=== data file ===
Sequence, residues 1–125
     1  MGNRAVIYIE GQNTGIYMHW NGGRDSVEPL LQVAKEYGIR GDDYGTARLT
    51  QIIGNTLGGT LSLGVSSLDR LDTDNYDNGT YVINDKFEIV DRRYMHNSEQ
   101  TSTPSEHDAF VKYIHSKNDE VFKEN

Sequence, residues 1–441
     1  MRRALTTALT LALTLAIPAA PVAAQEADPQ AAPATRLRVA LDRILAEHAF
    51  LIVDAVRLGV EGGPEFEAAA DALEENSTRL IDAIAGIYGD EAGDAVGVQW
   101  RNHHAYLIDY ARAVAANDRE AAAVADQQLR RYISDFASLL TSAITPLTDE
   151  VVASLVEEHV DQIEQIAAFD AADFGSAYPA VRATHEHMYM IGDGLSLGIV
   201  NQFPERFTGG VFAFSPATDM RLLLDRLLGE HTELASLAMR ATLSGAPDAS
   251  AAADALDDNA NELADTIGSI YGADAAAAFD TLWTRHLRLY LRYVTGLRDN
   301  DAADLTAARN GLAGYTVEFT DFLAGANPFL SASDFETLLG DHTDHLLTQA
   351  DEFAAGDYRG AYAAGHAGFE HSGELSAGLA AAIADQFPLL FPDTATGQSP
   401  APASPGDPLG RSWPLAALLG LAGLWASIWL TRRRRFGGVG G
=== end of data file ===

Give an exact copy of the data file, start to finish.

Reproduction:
Sequence, residues 1–125
     1  MGNRAVIYIE GQNTGIYMHW NGGRDSVEPL LQVAKEYGIR GDDYGTARLT
    51  QIIGNTLGGT LSLGVSSLDR LDTDNYDNGT YVINDKFEIV DRRYMHNSEQ
   101  TSTPSEHDAF VKYIHSKNDE VFKEN

Sequence, residues 1–441
     1  MRRALTTALT LALTLAIPAA PVAAQEADPQ AAPATRLRVA LDRILAEHAF
    51  LIVDAVRLGV EGGPEFEAAA DALEENSTRL IDAIAGIYGD EAGDAVGVQW
   101  RNHHAYLIDY ARAVAANDRE AAAVADQQLR RYISDFASLL TSAITPLTDE
   151  VVASLVEEHV DQIEQIAAFD AADFGSAYPA VRATHEHMYM IGDGLSLGIV
   201  NQFPERFTGG VFAFSPATDM RLLLDRLLGE HTELASLAMR ATLSGAPDAS
   251  AAADALDDNA NELADTIGSI YGADAAAAFD TLWTRHLRLY LRYVTGLRDN
   301  DAADLTAARN GLAGYTVEFT DFLAGANPFL SASDFETLLG DHTDHLLTQA
   351  DEFAAGDYRG AYAAGHAGFE HSGELSAGLA AAIADQFPLL FPDTATGQSP
   401  APASPGDPLG RSWPLAALLG LAGLWASIWL TRRRRFGGVG G